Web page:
Health care executives preserving their “entitlements”

Last Monday, the executives at Annapolis Valley District Health Authority (AVDHA) made an extraordinary, and for them, ill-timed announcement.

Their announcement was to cut cafeteria services at the Valley Regional Hospital in Kentville. Beginning in mid-June the cafeteria will be closed on weekends. I say this is an ill-timed decision for the executives at AVDHA because it ties in to the sense of privilege we are seeing with certain political elites.

During a 2005 investigation into his $750,000-a-year expenses as president of the Mint, former cabinet minister David Dingwall made one of the most infamous self-serving statements in Canadian history when he said, “I am entitled to my entitlements.”

More recently, Canadians have been shocked, outraged and disappointed – I’m being polite – at the expense revelations of senators Pamela Wallin and Mike Duffy. And at the same time as the airwaves are full of citizen outrage, AVDHA president Janet Knox and her clutch of vice presidents, are cutting food services to visitors and family members of hospital patients, as well as a hot food service to hospital workers who are probably working 12-hour shifts, while maintaining their own perks. The perks I refer to are the subsidized lunch program AVDHA provides to the executive bunker in Kentville’s industrial park.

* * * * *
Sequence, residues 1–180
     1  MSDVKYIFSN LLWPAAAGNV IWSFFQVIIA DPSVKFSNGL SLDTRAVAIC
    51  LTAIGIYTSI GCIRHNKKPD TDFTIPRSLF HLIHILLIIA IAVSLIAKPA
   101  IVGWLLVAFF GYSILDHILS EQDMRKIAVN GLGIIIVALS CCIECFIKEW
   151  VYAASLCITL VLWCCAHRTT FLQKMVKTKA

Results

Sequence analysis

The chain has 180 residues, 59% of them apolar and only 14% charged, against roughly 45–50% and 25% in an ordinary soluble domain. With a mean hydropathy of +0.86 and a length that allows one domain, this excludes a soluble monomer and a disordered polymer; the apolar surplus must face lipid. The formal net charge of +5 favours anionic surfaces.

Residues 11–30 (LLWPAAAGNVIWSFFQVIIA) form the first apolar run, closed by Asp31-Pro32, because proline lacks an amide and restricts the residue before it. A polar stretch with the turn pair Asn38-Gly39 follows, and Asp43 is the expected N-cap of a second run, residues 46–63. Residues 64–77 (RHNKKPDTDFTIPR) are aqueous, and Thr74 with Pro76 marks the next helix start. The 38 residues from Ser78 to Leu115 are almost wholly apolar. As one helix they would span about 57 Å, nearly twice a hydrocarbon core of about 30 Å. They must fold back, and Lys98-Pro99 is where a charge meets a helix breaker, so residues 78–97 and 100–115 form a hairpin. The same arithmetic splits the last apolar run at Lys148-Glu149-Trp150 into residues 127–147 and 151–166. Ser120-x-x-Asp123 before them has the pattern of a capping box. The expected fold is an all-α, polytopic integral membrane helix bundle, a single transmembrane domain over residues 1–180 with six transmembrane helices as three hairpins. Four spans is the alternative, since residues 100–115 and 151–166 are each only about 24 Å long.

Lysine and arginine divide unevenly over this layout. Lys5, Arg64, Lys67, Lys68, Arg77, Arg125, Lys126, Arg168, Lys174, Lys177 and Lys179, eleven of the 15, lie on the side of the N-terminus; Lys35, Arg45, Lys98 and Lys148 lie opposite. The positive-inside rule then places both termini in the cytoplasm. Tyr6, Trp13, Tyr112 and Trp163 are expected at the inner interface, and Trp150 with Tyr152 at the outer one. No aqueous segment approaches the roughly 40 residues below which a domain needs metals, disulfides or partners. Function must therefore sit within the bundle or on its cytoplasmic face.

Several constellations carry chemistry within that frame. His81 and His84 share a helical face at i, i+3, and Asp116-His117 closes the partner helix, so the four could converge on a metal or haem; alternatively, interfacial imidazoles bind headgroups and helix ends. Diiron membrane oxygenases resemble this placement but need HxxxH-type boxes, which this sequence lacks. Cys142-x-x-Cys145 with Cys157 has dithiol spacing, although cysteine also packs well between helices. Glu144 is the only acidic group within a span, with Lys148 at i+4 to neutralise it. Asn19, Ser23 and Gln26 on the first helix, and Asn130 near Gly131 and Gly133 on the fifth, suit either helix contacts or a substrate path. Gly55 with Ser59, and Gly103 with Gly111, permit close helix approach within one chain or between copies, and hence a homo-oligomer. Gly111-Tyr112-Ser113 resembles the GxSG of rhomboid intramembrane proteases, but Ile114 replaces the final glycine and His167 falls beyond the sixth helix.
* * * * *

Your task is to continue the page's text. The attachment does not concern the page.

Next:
Every day, Monday to Friday, hot and cold lunches for the 160 people working in the bunker are prepared in the hospital kitchens and driven across town for these white-collar workers.

As I’ve said before I have no problem with hospitals serving food at cost in their cafeterias. I consider that part of our philosophy for universal health care. People don’t go to hospitals for a cheap meal, they’re there because of medical needs or, like a nurse, technician or doctor, they work in the hospital. However, providing a subsidized lunch to executives, while probably a taxable benefit, goes against the grain. They have decided they are entitled to their entitlements.

It’s not cheap to provide food, transportation and cafeteria staff for the exclusive use of these executives. So, if the hospital cafeteria is to be closed on weekends for what one presumes is a budgetary reason, wouldn’t it make more sense and better public relations to cut the executive perk first? But no, these executives have decided they are too important and too busy to go out for lunch, order in or brown bag it like everyone else. What other public servants get a subsidized lunch?

I can’t decide if this cut to the cafeteria, which will negatively impact several jobs, is arrogant, uncaring or illustrative of the tone-deafness of health care executives to the real needs of staff, patients and patient families. So long as this meal perk is provided to the executives they better not complain about the size of the health care budget, not when they make such self-serving decisions. This once again proves that the issues with health care are not how big the budget, but how those in charge choose to spend it.

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